Ophthalmia (also called ophthalmitis) is inflammation of the eye.
Ophthalmology is a branch of medicine and surgery (both methods are used) that deals with the anatomy, physiology and diseases of the eyeball and orbit.
A patch test is a method used to determine whether a specific substance causes allergic inflammation of a patient's skin.
Pathogenic bacteria are bacteria that can cause disease.
In chemistry, pH is a logarithmic scale used to specify the acidity or basicity of an aqueous solution.
A pinguecula is a common type of conjunctival degeneration in the eye.
Povidone-iodine (PVP-I), also known as iodopovidone, is an antiseptic used for skin disinfection before and after surgery.
Punctate epithelial erosions is a pathology affecting the cornea.
Pus is an exudate, typically white-yellow, yellow, or yellow-brown, formed at the site of inflammation during bacterial or fungal infection.
A quinolone antibiotic is any member of a large group of broad-spectrum bactericides that share a bicyclic core structure related to the compound 4-quinolone.
Reactive arthritis, formerly known as Reiter's syndrome, is a form of inflammatory arthritis that develops in response to an infection in another part of the body (cross-reactivity).
A red eye is an eye that appears red due to illness or injury.
Relapsing polychondritis is a multi-systemic condition characterized by repeated episodes of inflammation and deterioration of cartilage.
Ringer's lactate solution (RL), also known as sodium lactate solution and Hartmann's solution, is a mixture of sodium chloride, sodium lactate, potassium chloride, and calcium chloride in water.
Saline, also known as saline solution, is a mixture of sodium chloride in water and has a number of uses in medicine.
Sarcoidosis is a disease involving abnormal collections of inflammatory cells that form lumps known as granulomas.
The sclera, also known as the white of the eye, is the opaque, fibrous, protective, outer layer of the human eye containing mainly collagen and some elastic fiber.
Shingles, also known as herpes zoster, is a viral disease characterized by a painful skin rash with blisters in a localized area.
The slit lamp is an instrument consisting of a high-intensity light source that can be focused to shine a thin sheet of light into the eye.
Sodium hydroxide, also known as lye, is an inorganic compound with the formula NaOH. It is a white solid ionic compound consisting of sodium cations and hydroxide anions. Sodium hydroxide is a highly caustic base and alkali that decomposes proteins at ordinary ambient temperatures and may cause severe chemical burns. It is highly soluble in water, and readily absorbs moisture and carbon dioxide from the air. It forms a series of hydrates NaOH·n. The monohydrate NaOH· crystallizes from water solutions between 12.3 and 61.8 °C. The commercially available "sodium hydroxide" is often this monohydrate, and published data may refer to it instead of the anhydrous compound. As one of the simplest hydroxides, it is frequently utilized alongside neutral water and acidic hydrochloric acid to demonstrate the pH scale to chemistry students. Sodium hydroxide is used in many industries: in the manufacture of pulp and paper, textiles, drinking water, soaps and detergents, and as a drain cleaner. Worldwide production in 2004 was approximately 60 million tonnes, while demand was 51 million tonnes.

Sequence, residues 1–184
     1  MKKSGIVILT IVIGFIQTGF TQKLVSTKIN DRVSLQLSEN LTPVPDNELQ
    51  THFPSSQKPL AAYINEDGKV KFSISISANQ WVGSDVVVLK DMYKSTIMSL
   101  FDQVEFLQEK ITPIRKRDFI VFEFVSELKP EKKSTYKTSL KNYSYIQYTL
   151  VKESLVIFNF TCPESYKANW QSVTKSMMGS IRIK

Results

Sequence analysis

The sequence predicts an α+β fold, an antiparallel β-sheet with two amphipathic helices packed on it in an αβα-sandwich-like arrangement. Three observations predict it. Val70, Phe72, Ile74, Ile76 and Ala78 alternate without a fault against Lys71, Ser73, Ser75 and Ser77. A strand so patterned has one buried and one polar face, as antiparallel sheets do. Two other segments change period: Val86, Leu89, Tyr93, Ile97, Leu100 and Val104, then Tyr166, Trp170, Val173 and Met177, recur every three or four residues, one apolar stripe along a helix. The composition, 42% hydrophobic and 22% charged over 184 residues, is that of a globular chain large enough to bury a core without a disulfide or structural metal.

Staphylococcus (from the σταφυλή, staphylē, "grape" and κόκκος, kókkos, "granule") is a genus of Gram-positive bacteria.
Staphylococcus aureus is a Gram-positive, round-shaped bacterium that is a member of the Firmicutes, and it is a member of the normal flora of the body, frequently found in the nose, respiratory tract, and on the skin.
Streptococcus (term coined by Viennese surgeon Albert Theodor Billroth (1829-1894) from strepto- "twisted" + Modern Latin coccus "spherical bacterium," from Greek kokkos meaning "berry") is a genus of coccus (spherical) Gram-positive bacteria belonging to the phylum Firmicutes and the order Lactobacillales (lactic acid bacteria).
Streptococcus pneumoniae, or pneumococcus, is a Gram-positive, alpha-hemolytic (under aerobic conditions) or beta-hemolytic (under anaerobic conditions), facultative anaerobic member of the genus Streptococcus.
(Top) A stress induced subconjunctival hemorrhage in the left eye one week after hemorrhaging. (Bottom) Same hemorrhage four weeks after hemorrhaging. Some of the blood in the sclera has turned yellow, like a bruise. Subconjunctival hemorrhage, also known as subconjunctival haemorrhage and hyposphagma, is bleeding underneath the conjunctiva.
Sulfacetamide is a sulfonamide antibiotic.
The tarsi (tarsal plates) are two comparatively thick, elongated plates of dense connective tissue, about in length; one is found in each eyelid, and contributes to its form and support.
In medicine, therapeutic irrigation or lavage is cleaning or rinsing.
The drug combination trimethoprim/polymyxin (INNs, trade name Polytrim) is an antimicrobial solution for topical ophthalmic use in the treatment of acute bacterial conjunctivitis and blepharoconjunctivitis.
Uveitis is the inflammation of the uvea, the pigmented layer that lies between the inner retina and the outer fibrous layer composed of the sclera and cornea.
Vasodilation is the widening of blood vessels.
A viral disease (or viral infection) occurs when an organism's body is invaded by pathogenic viruses, and infectious virus particles (virions) attach to and enter susceptible cells.
White blood cells (WBCs), also called leukocytes or leucocytes, are the cells of the immune system that are involved in protecting the body against both infectious disease and foreign invaders.